George Ford at a loss to explain England’s poor World Cup final performance
George Ford is at a loss to explain England’s inability to make a meaningful contest of Saturday’s World Cup final rout by South Africa.
A 32-12 defeat in Yokohama ended Japan 2019 in the most deflating way possible as Eddie Jones’ men failed to show up for a match they were expected to win comfortably.
The Springboks savaged passive opponents who barely fired a shot, their mastery up-front matched by two brilliantly taken tries finished by wings Makazole Mapimpi and Cheslin Kolbe.
After the spectacular demolition of New Zealand in the semi-finals, English optimism was cruelly punctured and Ford echoed Jones’ admission that the reasons are baffling.
“South Africa were the better team on the day by a good distance. It’s massively disappointing,” Ford said.
“We can’t put our finger on why but sometimes you have days like that when you’re not good enough.
“The thing with cup finals is it’s on the day. You get to a final and you’re not guaranteed anything, all it was was an opportunity.
“And we were not good enough today to finish it off. But we’ll stick together and we’ll move on.
“It’s hard to say anything to make anyone feel better. We’ve massively enjoyed our time together, we’ve become closer as a group and played some good rugby along the way.”
England flattened New Zealand during a lightening-fast start but against South Africa they were on the receiving end of the same treatment and never recovered as the Springboks became the first team to lose a World Cup game yet lift the Webb Ellis Trophy.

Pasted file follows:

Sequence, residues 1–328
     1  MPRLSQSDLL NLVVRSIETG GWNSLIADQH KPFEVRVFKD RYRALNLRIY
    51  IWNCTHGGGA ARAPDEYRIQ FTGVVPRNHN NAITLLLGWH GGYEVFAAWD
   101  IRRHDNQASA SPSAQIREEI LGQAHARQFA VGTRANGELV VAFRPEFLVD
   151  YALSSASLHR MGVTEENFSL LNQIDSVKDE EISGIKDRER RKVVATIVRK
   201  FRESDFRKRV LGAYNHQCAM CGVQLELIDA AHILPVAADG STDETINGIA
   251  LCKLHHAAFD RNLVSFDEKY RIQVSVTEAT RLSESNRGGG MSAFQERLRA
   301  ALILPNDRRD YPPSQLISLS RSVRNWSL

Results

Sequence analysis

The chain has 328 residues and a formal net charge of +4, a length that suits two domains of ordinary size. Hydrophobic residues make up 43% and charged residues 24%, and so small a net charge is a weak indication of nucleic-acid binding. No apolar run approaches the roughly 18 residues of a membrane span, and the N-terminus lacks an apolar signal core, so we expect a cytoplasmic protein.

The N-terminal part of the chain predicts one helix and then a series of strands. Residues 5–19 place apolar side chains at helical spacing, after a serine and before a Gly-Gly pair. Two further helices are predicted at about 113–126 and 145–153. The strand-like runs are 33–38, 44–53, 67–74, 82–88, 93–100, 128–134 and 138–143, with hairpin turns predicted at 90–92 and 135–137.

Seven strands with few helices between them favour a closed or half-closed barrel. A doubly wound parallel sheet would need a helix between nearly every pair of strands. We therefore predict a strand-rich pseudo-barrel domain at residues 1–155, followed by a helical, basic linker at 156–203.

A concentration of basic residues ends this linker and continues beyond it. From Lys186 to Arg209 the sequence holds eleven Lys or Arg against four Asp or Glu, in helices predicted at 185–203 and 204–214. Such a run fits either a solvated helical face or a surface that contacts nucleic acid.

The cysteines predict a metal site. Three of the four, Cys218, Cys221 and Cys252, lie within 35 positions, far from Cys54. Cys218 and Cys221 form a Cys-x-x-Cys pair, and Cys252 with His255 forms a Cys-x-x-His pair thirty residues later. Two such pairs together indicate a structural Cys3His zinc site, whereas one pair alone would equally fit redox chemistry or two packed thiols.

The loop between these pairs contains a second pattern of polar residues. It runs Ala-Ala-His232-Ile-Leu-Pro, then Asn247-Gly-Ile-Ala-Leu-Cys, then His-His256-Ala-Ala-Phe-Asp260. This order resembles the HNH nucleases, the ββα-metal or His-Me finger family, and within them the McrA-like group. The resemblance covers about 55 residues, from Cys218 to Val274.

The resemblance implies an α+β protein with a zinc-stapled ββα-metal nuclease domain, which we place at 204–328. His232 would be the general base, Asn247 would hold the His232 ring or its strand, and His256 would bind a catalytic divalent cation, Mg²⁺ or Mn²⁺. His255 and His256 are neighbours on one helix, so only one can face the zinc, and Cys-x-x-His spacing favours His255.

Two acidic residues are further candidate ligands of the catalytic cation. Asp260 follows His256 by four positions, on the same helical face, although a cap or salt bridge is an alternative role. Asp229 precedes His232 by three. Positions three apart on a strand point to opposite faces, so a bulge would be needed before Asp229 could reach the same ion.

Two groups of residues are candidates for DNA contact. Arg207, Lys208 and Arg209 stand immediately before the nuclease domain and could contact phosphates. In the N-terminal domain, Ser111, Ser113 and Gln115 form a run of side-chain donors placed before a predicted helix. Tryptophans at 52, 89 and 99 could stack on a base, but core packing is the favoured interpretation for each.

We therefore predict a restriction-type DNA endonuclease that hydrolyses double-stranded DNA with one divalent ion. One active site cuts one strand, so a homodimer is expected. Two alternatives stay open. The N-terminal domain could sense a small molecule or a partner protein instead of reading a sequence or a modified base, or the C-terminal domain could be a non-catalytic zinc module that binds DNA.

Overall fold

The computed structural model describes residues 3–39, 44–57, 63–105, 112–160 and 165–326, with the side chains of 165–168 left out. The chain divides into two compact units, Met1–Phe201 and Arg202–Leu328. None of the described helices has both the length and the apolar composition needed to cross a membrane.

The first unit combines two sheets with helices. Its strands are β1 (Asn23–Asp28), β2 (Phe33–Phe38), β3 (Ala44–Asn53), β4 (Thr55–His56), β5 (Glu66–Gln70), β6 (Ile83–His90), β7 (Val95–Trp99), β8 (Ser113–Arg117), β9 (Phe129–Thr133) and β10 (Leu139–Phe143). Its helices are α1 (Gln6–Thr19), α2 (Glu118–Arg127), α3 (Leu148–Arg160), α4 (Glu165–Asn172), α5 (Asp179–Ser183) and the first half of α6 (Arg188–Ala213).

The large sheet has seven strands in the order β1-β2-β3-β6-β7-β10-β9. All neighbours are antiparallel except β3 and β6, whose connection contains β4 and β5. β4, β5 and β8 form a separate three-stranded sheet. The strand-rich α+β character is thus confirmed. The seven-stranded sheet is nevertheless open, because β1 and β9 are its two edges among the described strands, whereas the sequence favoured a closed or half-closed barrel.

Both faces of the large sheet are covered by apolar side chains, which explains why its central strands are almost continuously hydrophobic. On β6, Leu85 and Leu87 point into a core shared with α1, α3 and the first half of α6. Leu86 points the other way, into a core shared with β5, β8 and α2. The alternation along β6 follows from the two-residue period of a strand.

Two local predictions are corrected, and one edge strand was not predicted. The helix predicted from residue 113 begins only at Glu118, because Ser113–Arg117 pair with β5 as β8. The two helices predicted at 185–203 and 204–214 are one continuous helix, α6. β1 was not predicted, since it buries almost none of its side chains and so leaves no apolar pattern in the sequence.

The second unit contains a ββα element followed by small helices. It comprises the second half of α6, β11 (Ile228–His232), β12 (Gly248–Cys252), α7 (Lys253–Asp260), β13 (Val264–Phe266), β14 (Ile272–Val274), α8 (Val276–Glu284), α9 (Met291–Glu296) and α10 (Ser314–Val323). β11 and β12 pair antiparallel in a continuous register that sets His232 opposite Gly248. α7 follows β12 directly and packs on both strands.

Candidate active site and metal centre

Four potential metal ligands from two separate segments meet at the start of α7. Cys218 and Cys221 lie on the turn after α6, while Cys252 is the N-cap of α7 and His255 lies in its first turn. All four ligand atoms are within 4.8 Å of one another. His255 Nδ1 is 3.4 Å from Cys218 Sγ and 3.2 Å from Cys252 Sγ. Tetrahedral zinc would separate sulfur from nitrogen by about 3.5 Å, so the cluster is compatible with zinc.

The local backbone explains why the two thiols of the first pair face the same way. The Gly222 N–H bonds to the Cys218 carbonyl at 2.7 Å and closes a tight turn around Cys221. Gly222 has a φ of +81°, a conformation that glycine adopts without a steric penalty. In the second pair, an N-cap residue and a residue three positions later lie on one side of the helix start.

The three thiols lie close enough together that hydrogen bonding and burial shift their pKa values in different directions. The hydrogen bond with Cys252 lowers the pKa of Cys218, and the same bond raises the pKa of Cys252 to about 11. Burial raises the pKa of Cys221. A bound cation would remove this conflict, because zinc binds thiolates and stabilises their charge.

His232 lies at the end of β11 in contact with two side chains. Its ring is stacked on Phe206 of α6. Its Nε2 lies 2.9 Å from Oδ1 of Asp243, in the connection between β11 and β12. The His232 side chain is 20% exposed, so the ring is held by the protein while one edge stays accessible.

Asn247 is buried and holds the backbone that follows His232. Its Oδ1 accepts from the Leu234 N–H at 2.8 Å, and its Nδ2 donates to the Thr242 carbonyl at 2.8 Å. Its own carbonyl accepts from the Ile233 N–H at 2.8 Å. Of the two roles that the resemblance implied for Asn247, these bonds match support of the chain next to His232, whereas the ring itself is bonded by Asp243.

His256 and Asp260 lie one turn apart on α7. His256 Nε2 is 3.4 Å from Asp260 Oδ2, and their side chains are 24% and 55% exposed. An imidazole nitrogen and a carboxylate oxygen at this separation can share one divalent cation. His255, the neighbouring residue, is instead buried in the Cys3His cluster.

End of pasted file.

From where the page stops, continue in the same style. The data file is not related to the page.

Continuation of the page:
“We were inaccurate in first 20 minutes and couldn’t get a foothold in the game in any sense,” Ford said.
“They kept putting pressure on us and managed to get points on the board. Against a team like South Africa, it’s always hard to chase.
“Physicality and accuracy are probably two things you need to get together to get a fast start. I thought they had both of them and we probably lacked some accuracy.
“We need to absorb what they were throwing at us and then to try and throw a few punches ourselves. We just weren’t good enough to do that.”
Kyle Sinckler’s third-minute collision with Mapimpi and Maro Itoje saw him knocked out, ending his match, and his replacement Dan Cole suffered gravely at the scrum.
“You never like to see an injury like Kyle’s. Speaking to him, he didn’t have a clue what had gone on,” Ford said.
“Two minutes in you’ve got to deal with these things and it was quite a long stoppage.
“We had to make sure we were in the right frame of mind to come out the other end of that. But fair play to South Africa, they executed their game plan brilliantly.”